Miller on a roll with antique bicycles
MERSEY POINT — It’s not that Ron Miller has an obsession. It’s more like an extremely enthusiastic passion.
Admittedly, it’s hard to miss the penny farthing in his living room. Or the full-sized antique wooden bike on a shelf high up on his living room wall. Or the bike frame hanging from the ceiling.
Miller loves bicycles. He has large bikes, small bikes, bike lamps, bike chains, bike pedals, bike horns and even bike bugles.
Where most people would have a dining room cabinet display of crystal or china, Miller has dust-free bike lights and horns and cyclometers, which would measure how far the cyclist had gone.
There’s no media room in the finished basement of his waterfront home in Mersey Point, just minutes outside Liverpool. That, too, is filled with bikes.
Besides being all-things bicycle, there’s one other thing Miller’s treasures have in common: they’re very old.
The penny farthing in his living room, for instance, was made in 1888, and Miller’s thrilled the weather is warming up so he can get outside and ride it. The wooden bike perched high on the wall in the living room was made around 1890.
But Miller’s most treasured piece is an adult tricycle made in 1884 by the British motor company Rover.
“It’s the only one like it in the world, as far as I know,” he said.
Miller biked a lot as a kid. He got his first bike, a green three-speed Raleigh, in 1952 when he was 10 years old, and he rode it everywhere. That is, until he turned 16, when he sold it and bought a Volkswagen car.
While he owned several cars over the years, the spirit of that bike never left Miller. When he was 30, he tracked it down and bought it back.
“It was just sentimental,” he recalled with a smile.
Some of the bikes Miller finds in flea markets and at auctions.
“Frequently they find me.”
Such as the Rover. Miller said someone spotted him driving to Halifax one day with the penny farthing on the back of his car. That person phoned a friend in Halifax who happened to know Miller, so the man asked his friend if he thought Miller would be interested in an old tricycle he had at home in Chester. He had no idea how rare the adult bike was.
It seems Miller’s head is filled with as much information about bikes as his house is filled with bike paraphernalia.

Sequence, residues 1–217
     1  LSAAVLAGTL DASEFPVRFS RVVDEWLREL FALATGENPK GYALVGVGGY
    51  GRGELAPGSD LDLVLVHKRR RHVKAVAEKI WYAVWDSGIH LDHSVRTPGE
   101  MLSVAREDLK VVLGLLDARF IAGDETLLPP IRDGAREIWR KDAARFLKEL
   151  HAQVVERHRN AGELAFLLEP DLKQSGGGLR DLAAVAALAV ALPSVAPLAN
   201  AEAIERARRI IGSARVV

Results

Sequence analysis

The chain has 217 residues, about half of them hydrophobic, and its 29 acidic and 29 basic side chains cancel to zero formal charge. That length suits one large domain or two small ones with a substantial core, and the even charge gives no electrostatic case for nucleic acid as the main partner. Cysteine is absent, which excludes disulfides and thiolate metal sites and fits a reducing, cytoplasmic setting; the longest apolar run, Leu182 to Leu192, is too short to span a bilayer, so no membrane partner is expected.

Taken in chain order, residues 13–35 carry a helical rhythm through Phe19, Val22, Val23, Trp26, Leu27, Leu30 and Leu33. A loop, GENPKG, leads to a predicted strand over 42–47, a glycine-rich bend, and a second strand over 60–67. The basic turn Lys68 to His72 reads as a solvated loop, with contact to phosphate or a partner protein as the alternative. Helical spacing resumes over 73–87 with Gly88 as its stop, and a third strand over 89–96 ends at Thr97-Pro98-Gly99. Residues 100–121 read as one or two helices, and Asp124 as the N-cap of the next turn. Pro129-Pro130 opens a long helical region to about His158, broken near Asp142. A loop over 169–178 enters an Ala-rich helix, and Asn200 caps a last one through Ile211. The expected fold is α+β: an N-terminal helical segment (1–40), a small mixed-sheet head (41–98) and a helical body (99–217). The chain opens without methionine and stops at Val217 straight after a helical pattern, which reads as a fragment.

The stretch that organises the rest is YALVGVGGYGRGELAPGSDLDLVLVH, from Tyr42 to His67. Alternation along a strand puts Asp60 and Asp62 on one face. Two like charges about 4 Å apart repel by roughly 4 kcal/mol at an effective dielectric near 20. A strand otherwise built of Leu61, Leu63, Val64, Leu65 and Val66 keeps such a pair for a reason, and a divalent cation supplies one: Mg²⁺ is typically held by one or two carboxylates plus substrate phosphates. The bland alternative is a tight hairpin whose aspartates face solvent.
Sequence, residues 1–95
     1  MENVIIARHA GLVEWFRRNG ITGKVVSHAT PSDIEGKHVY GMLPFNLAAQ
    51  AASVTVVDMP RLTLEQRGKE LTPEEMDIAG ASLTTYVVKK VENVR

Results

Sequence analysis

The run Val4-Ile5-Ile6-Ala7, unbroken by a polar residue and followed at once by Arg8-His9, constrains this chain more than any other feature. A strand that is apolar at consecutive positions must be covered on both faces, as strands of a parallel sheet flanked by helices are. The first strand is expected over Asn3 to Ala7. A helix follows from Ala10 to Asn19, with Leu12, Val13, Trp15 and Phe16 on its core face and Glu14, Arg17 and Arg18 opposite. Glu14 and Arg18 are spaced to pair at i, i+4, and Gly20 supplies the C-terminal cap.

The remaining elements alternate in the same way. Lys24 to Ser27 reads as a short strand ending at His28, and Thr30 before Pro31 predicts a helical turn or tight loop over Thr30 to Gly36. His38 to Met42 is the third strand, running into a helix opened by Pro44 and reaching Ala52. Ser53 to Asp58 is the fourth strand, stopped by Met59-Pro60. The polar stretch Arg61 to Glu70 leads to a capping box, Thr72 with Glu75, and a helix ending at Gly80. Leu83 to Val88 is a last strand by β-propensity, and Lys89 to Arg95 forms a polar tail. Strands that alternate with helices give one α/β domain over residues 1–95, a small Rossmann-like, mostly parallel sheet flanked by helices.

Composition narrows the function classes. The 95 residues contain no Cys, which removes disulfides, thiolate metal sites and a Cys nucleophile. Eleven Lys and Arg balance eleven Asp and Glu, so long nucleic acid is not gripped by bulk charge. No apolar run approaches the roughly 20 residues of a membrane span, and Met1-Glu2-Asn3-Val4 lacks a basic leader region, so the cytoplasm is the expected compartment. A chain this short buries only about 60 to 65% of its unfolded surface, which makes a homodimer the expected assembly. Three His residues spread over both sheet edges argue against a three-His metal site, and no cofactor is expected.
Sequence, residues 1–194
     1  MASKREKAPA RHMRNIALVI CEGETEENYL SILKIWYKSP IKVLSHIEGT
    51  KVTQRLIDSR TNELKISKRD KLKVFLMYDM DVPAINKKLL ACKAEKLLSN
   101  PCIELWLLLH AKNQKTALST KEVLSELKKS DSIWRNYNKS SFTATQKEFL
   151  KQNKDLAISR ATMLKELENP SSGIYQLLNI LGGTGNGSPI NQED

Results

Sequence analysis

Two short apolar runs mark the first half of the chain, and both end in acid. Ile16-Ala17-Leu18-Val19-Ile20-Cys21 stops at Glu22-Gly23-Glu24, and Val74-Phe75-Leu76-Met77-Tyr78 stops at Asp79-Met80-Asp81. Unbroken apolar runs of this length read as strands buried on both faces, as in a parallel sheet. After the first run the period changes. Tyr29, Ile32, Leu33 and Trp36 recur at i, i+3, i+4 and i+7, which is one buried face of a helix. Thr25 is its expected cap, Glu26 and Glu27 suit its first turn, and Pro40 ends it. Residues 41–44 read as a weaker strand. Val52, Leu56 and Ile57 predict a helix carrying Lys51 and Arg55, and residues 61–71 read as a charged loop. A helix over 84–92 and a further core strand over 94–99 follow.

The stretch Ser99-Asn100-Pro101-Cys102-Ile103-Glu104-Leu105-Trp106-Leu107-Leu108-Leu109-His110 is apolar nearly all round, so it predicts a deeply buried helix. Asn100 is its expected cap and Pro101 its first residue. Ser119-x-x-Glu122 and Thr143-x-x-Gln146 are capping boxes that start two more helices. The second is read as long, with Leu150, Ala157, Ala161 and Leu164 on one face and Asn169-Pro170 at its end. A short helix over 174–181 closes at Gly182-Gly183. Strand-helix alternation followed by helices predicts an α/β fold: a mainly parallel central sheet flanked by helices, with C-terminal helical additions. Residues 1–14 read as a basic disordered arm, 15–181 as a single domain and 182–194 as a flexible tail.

The first bikes were made in 1818, he said, and were basically two wooden wheels with a wooden frame — no chain, no pedals — and the cyclist sat on the seat and ran.
Pedals were added to the front wheel in 1865, leading to the development of the penny farthing because a cyclist had to pedal like crazy to make the small wheel get up to any speed.
The penny farthing went out of fashion when the bike chain was introduced because it meant the front wheel didn’t need to be huge anymore.
Miller can also tell you about valves on bike tires — the European one is the best because it doesn’t let out air — and that CCM made its first bike in 1899. It almost went out of business that first year but managed to hang on until 1983, when it sold its name to a Montreal company.
Rubber tires replaced wood around 1888 and led to the first real bike boom, but the tires weren’t perfected for years.
“It’s complex to get a simple, reliable, workable tire,” Miller said.
It would be 90 years before the next bike boom hit during the oil crisis of the 1970s.
At 70, Miller doesn’t just admire bikes, he makes tremendous use of them, joining cyclists from around the world each year for trips in England and Europe.
Last year, he cycled from London to Kent, in England. This spring, he’ll ride his 1924 Sunbeam from Prague to some other town in the Czech Republic.
“I think I’ve done the Rhine River three times, its entire length.”
He cycles from 50 to 100 kilometres a day on these trips, averaging about 500 kilometres a week.
A retired mechanical designer with the Ontario Science Centre, Miller has created a little business on the side to meet the unique needs of antique bike lovers around the world, though he concedes he doesn’t make any money at it.
He developed a system to make vacuum-formed rubber pedals to replace damaged antique rubber in old metal pedals.
He puts the original rubber part into a tube, pours liquid silicone rubber inside, then adds polyurethane rubber and seals it. He puts it in a vacuum system that he developed to remove any bubbles, then puts it into his homemade pressurized chamber. After sitting under four tonnes of pressure for eight hours, the new pedals are ready to be mailed to customers around the world.
Miller said the only real change to the bicycle in the past 120 years has been its technology and materials.
That aside, cycling still comes down to one thing.
“You still have to have good strong legs.”